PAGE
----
Significance and Use
5.1 Research O.N. correlates with commercial automotive spark-ignition engine antiknock performance under mild conditions of operation.
5.2 Research O.N. is used by engine manufacturers, petroleum refiners and marketers, and in commerce as a primary specification measurement related to the matching of fuels and engines.
5.2.1 Empirical correlations that permit calculation of automotive antiknock performance are based on the general equation:
Values of k1, k2, and k3 vary with vehicles and vehicle populations and are based on road-O.N. determinations.
5.2.2 Research O.N., in conjunction with Motor O.N., defines the antiknock index of automotive spark-ignition engine fuels, in accordance with Specification . The antiknock index of a fuel approximates the Road octane ratings for many vehicles, is posted on retail dispensing pumps in the U.S., and is referred to in vehicle manuals.
This is more commonly presented as:
5.2.3 Research O.N. is also used either alone or in conjunction with other factors to define the Road O.N. capabilities of spark-ignition engine fuels for vehicles operating in areas of the world other than the United States.
5.3 Research O.N. is used for measuring the antiknock performance of spark-ignition engine fuels that contain oxygenates.
5.4 Research O.N. is important in relation to the specifications for spark-ignition engine fuels used in stationary and other nonautomotive engine applications.
1.1 This laboratory test method covers the quantitative determination of the knock rating of liquid spark-ignition engine fuel in terms of Research O.N., including fuels that contain up to 25 % v/v of ethanol. However, this test method may not be applicable to fuel and fuel components that are primarily oxygenates. The sample fuel is tested using a standardized single cylinder, four-stroke cycle, variable compression ratio, carbureted, CFR engine run in accordance with a defined set of operating conditions. The O.N. scale is defined by the volumetric composition of PRF blends. The sample fuel knock intensity is compared to that of one or more PRF blends. The O.N. of the PRF blend that matches the K.I. of the sample fuel establishes the Research O.N.
1.2 The O.N. scale covers the range from 0 to 120 octane number but this test method has a working range from 40 to 120 Research O.N. Typical commercial fuels produced for spark-ignition engines rate in the 88 to 101 Research O.N. range. Testing of gasoline blend stocks or other process stream materials can produce ratings at various levels throughout the Research O.N. range.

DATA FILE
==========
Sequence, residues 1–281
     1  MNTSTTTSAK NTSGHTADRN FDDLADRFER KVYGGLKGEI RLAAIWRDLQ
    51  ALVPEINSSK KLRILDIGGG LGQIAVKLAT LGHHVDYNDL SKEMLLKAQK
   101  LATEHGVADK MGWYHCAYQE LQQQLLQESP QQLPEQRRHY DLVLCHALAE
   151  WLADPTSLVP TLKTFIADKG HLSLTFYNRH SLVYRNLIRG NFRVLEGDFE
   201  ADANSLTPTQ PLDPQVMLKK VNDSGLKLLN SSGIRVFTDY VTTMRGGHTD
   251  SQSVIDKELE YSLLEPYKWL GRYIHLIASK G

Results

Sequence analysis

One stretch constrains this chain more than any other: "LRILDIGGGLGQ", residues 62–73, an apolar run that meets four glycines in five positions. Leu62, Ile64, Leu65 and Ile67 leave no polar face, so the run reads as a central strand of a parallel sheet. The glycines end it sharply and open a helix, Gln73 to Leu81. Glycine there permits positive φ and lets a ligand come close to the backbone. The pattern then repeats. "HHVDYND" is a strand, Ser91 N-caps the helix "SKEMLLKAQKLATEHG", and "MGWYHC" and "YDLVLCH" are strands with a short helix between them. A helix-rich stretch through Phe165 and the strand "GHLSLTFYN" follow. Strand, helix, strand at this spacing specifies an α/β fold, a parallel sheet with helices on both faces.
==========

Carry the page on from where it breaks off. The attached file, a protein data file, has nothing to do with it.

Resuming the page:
1.3 The values of operating conditions are stated in SI units and are considered standard. The values in parentheses are the historical inch-pound units. The standardized CFR engine measurements continue to be in inch-pound units only because of the extensive and expensive tooling that has been created for this equipment.
1.4 For purposes of determining conformance with all specified limits in this standard, an observed value or a calculated value shall be rounded “to the nearest unit” in the last right-hand digit used in expressing the specified limit, in accordance with the rounding method of Practice .
1.5 This standard does not purport to address all of the safety concerns, if any, associated with its use. It is the responsibility of the user of this standard to establish appropriate safety, health, and environmental practices and determine the applicability of regulatory limitations prior to use. For specific warning statements, see Section 6) and (9), , , , , , , and . , , , , , , (
1.6 This international standard was developed in accordance with internationally recognized principles on standardization established in the Decision on Principles for the Development of International Standards, Guides and Recommendations issued by the World Trade Organization Technical Barriers to Trade (TBT) Committee.